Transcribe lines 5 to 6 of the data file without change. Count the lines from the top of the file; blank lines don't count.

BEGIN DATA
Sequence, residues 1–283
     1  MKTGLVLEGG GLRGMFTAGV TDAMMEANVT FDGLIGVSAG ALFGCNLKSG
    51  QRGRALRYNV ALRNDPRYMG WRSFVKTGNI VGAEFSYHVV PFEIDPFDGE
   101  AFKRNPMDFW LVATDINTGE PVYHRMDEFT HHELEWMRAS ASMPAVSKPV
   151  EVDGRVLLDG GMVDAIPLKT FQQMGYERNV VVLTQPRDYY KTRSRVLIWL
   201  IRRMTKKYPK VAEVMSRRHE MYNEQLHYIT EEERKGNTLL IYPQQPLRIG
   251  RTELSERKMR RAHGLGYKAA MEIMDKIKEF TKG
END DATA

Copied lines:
   151  EVDGRVLLDG GMVDAIPLKT FQQMGYERNV VVLTQPRDYY KTRSRVLIWL
   201  IRRMTKKYPK VAEVMSRRHE MYNEQLHYIT EEERKGNTLL IYPQQPLRIG